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How To Get The Most Out of Your Email Marketing Campaign

May 13th, 2019 Posted by Content Marketing No Comment yet

Creating an email marketing campaign can feel daunting. Balancing your organization’s needs and those of your contacts is often a challenge. And with email best practices always evolving, it’s easy to feel out of the loop about the “right way” to approach your email marketing strategy. The good news is, there’s a great deal of information available from people who happen to specialize in this kind of thing. Here, I’ve assembled recommendations on how to get the most out of your email marketing campaign.

There are a few email practices to avoid

There are certain factors that may lead to your email hitting the spam folder, including using things like ALL CAPS in the subject line, or too many exclamation marks. More foundational than that is ensuring you’re not sending to users who’ve unsubscribed, sending image-only emails, or sending too many “spammy” emails which could lead to getting blacklisted.

Regularly cleaning out your list, allowing users a clear path to an unsubscribe, and being transparent about who your organization is, is a great way to ensure your emails are being delivered fairly. A good rule of thumb is to always ask yourself if your emails are adding value to your audience. If your answer is yes, you’re likely in a good place.

There’s no silver bullet best practice for the timing of your email marketing

So many marketers are searching for a big secret that frankly doesn’t exist. The only thing that matters is understanding your audience, creating benchmarks, and optimizing based on previous results. Timing on emails may be different for a B2B organization vs. a retail organization for example. An audience for an outdoor recreation company may have more early risers than one for entertainment and nightlife. An organization focused on working moms may thrive during different times than one geared toward college students might. For the sake of a key takeaway, weekends are probably the worst times to send your emails. Plenty of data points to 11am as a great time for open-rates on emails, while some others point to late night or early morning due to less clutter from other senders. Moral of the story: have a strategic starting point, and make it a habit to test and learn from your particular audience.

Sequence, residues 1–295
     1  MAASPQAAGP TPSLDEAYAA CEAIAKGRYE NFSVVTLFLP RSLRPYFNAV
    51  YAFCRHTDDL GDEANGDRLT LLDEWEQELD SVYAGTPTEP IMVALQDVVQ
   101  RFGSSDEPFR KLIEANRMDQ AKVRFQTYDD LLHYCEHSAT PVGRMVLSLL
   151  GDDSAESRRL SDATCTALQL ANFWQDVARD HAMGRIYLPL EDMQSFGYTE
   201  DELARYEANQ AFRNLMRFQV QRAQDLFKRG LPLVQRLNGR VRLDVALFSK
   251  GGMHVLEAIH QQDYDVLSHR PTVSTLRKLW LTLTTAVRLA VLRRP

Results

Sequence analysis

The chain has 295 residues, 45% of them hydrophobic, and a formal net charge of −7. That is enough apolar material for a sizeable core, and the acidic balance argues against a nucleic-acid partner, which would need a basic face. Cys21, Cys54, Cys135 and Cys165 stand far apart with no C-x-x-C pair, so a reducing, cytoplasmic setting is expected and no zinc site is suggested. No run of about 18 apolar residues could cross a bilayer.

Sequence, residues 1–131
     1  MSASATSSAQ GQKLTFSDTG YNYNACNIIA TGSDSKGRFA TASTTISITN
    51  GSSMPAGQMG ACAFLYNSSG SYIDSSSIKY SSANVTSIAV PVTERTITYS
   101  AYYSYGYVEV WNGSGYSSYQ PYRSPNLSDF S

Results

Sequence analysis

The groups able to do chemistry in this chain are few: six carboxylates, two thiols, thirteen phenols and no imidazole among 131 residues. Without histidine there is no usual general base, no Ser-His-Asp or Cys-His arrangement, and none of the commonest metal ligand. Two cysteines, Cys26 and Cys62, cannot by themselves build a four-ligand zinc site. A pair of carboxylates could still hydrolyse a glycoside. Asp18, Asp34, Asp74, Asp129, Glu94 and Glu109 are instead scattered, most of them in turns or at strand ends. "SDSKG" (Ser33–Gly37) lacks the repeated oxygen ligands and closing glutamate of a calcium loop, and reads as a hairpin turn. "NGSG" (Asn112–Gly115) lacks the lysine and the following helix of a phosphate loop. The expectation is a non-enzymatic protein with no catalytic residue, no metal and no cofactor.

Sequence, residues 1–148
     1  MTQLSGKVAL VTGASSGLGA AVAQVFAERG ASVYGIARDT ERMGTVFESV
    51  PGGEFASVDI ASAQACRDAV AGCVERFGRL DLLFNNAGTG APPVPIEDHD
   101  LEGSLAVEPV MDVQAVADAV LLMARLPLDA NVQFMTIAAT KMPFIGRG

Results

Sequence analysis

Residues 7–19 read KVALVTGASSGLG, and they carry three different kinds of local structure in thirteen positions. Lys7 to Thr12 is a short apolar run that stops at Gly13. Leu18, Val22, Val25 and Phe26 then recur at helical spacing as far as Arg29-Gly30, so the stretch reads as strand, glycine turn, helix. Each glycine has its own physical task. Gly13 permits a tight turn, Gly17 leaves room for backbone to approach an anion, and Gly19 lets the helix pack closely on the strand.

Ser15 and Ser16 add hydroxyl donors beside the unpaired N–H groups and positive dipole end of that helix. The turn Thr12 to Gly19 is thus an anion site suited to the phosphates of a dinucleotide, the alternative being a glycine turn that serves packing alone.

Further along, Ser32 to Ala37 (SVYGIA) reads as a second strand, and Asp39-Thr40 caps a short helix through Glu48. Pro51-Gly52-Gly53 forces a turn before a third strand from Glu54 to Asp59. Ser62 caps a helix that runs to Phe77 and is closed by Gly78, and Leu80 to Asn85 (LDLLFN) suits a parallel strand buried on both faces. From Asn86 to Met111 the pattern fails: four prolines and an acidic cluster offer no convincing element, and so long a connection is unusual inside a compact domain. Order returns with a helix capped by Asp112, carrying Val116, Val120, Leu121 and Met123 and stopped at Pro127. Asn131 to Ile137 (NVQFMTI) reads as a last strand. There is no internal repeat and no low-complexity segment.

The kind of CTA you use makes a difference

Effective calls to action have low barriers to entry (ex: a brief form vs. one that requires too many fields) and are clear and concise. Ideally, the call to action should add value to the reader, as well as your organization. The better the payoff for them, the more likely they’ll take the next step you’d like them to. Finally, make sure you stick to one CTA per email. More is not merrier in this case, and it can lead to confusion and lower conversion rates. You can, however, include your chosen CTA in multiple places if possible (ex: a hyperlink within your copy, and a button above the signature).

Your email marketing campaign is only as successful as the landing page you send them to